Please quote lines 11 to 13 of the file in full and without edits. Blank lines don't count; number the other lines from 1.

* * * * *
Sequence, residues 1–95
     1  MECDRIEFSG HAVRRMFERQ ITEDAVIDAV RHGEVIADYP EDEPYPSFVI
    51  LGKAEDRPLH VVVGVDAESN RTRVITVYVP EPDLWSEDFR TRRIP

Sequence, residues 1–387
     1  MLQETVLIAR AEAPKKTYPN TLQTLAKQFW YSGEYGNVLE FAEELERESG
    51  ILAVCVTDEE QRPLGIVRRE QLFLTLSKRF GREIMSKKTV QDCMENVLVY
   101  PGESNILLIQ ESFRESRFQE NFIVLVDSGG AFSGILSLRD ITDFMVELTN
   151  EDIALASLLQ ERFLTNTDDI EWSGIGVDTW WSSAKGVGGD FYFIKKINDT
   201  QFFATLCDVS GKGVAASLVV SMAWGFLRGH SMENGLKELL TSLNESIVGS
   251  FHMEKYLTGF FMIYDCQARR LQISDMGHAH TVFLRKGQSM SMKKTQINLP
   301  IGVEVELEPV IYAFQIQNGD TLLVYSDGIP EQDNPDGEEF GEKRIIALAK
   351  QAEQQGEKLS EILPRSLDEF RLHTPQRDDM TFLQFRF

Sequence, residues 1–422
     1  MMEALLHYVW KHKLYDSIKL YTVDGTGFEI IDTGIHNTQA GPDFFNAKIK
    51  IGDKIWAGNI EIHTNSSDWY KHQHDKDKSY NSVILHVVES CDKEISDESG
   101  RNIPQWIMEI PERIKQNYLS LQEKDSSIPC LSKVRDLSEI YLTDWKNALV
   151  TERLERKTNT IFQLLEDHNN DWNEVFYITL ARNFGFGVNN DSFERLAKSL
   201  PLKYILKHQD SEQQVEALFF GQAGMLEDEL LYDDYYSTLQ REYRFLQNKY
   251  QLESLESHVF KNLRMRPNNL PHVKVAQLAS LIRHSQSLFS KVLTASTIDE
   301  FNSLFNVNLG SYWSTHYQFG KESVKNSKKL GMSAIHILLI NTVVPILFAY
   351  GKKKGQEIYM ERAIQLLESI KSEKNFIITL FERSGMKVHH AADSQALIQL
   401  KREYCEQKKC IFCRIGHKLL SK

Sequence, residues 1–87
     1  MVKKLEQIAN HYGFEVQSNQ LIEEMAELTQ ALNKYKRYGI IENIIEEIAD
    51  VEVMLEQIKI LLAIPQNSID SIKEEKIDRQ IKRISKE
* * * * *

   301  IGVEVELEPV IYAFQIQNGD TLLVYSDGIP EQDNPDGEEF GEKRIIALAK
   351  QAEQQGEKLS EILPRSLDEF RLHTPQRDDM TFLQFRF

Sequence, residues 1–422